All three players are at the top of their game. Yamagishi slashes and burns on his guitar solos and is as funky as they get as a rhythm guitarist, and Johnny V. floats across the groove like a butterfly and stings in his solos like a bee. But it's especially great to hear Porter stretching out in extended solos, something he didn't often do on record with the Meters or as a session player. He has tremendous chops of course, but he solos here with economical tastefulness, never letting flashiness compromise the groove. The album also includes two examples of Vidacovich's half-sung, half-spoken vocals on "Is It Nature's Rock and Roll?" and "Be Careful Who You Idolize," two examples of his poetry which pop up often on the trio gigs. Porter growls backup vocals in the background while Johnny reminds the listener to "Be careful who you idolize, use caution when you pick a guru - look inside for the true you!"

There's nothing particularly innovative or earth-shaking here. Rather, it's the sounds of another humid, funky night in the Big Easy, the city where the music never stops. The Johnny Vidacovich trio gigs will soon reach their 20 year anniversary, and after all these years, one thing hasn't changed: these guys came to PLAY.

BLACK TIE BRASS Mostly Covered

EP · 2019 · Funk Jazz
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js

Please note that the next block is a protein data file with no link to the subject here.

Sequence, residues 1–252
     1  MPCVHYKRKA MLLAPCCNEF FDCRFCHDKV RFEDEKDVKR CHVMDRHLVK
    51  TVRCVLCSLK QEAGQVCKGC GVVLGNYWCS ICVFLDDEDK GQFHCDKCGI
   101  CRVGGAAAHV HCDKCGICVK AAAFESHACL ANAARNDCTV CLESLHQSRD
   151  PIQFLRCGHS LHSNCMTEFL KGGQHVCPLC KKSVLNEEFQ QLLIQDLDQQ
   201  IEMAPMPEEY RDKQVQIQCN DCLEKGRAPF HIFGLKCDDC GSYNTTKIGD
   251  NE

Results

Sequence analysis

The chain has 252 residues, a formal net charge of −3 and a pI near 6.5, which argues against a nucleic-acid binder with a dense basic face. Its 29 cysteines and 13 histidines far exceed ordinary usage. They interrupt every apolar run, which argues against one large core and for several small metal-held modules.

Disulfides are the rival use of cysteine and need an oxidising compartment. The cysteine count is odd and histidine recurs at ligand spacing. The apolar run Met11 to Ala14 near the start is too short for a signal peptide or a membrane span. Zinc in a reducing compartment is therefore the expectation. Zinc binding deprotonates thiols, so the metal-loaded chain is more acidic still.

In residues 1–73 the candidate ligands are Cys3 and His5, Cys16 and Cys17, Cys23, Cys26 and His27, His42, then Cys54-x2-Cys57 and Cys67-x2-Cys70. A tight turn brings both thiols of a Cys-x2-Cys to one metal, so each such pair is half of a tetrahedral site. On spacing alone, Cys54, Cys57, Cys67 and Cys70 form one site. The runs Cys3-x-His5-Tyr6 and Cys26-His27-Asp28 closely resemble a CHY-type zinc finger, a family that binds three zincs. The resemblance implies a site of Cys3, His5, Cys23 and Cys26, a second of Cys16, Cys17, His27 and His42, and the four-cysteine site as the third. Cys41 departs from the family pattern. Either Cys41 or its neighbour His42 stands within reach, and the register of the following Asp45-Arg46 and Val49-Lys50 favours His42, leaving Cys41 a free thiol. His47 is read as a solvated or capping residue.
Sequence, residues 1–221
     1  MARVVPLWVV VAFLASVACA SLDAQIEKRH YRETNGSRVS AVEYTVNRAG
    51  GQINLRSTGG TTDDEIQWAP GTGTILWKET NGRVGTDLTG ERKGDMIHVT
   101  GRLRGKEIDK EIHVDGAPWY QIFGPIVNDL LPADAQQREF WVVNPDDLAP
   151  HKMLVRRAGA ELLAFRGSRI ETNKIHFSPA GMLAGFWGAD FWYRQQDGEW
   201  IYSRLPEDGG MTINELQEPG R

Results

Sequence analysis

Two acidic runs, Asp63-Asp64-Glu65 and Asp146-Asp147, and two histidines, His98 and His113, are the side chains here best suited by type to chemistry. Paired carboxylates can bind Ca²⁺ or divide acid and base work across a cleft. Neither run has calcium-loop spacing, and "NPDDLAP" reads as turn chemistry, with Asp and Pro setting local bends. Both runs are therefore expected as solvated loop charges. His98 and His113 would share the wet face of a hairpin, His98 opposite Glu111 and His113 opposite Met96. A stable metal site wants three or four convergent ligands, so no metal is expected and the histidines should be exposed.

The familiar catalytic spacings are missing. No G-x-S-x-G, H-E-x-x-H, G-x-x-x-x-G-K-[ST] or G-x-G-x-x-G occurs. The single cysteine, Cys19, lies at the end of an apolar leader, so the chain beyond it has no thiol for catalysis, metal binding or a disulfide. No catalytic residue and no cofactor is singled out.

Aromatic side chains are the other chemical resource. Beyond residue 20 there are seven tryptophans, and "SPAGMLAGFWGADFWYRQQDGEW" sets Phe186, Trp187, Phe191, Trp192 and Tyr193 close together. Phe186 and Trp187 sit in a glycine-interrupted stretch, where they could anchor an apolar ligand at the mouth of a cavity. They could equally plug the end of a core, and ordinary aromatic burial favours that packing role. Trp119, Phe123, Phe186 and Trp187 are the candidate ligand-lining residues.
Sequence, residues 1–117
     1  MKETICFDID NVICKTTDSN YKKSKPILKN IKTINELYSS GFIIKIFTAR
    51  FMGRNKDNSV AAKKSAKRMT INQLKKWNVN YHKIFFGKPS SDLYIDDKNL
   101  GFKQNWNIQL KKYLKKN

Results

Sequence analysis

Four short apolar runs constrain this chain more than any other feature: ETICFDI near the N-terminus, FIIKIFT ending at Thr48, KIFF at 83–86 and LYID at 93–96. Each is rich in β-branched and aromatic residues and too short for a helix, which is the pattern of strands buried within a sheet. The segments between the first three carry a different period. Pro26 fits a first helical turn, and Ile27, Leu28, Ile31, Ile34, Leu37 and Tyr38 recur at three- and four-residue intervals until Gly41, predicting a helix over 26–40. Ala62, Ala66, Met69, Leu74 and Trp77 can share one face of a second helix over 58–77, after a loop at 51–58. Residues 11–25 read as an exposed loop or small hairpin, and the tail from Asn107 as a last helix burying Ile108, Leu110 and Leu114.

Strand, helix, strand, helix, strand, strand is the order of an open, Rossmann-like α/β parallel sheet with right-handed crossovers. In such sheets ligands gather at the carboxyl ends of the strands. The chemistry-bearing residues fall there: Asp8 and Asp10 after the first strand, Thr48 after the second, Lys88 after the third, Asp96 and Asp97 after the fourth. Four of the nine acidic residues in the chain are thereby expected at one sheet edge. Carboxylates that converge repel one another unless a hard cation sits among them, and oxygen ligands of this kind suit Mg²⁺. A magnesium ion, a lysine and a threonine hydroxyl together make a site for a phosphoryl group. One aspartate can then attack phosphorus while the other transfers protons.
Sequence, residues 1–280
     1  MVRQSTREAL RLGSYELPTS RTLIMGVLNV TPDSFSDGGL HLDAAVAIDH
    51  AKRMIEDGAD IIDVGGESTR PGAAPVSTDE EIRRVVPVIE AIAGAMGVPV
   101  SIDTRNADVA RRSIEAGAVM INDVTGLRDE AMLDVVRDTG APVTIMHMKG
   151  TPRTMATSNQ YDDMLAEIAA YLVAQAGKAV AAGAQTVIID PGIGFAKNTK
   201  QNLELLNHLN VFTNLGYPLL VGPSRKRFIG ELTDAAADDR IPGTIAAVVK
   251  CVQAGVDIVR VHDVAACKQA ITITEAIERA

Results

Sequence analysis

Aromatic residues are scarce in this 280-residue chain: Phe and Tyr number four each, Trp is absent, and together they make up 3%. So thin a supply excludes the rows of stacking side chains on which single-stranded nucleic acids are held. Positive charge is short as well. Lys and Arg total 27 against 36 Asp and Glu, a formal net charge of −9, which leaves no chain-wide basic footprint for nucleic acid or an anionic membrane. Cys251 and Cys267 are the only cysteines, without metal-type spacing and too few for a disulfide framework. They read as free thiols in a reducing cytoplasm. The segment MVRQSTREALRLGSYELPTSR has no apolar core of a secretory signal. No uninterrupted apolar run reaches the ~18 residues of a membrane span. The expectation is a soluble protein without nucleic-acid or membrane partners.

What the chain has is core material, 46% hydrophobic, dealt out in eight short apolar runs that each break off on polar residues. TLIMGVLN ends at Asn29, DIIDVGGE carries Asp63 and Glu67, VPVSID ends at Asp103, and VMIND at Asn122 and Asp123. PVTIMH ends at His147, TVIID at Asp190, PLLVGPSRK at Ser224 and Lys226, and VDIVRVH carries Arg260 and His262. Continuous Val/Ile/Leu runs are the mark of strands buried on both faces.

I would imagine more than a few young jazz musicians have noticed Snarky Puppy’s meteoritic rise to success and wondered if that could possibly happen to them too. Most jazz musicians assume that they will earn a modest living at best, and more than likely will be supporting themselves with a day job in another profession. Possibly the Snarky crew is more surprised than anyone that they are now traveling the world and playing the big shows like rock stars. What happened to them wasn’t luck though, not only did they work hard to get where they got, but they also put together a very youthful concoction of pop, dance and jazz that has appeal far outside the jazz world and into the lucrative world of the college party circuit and the international jam band scene. There is probably plenty of room for some more bands in this scene, and Black Tie Brass is one band that may have that potential.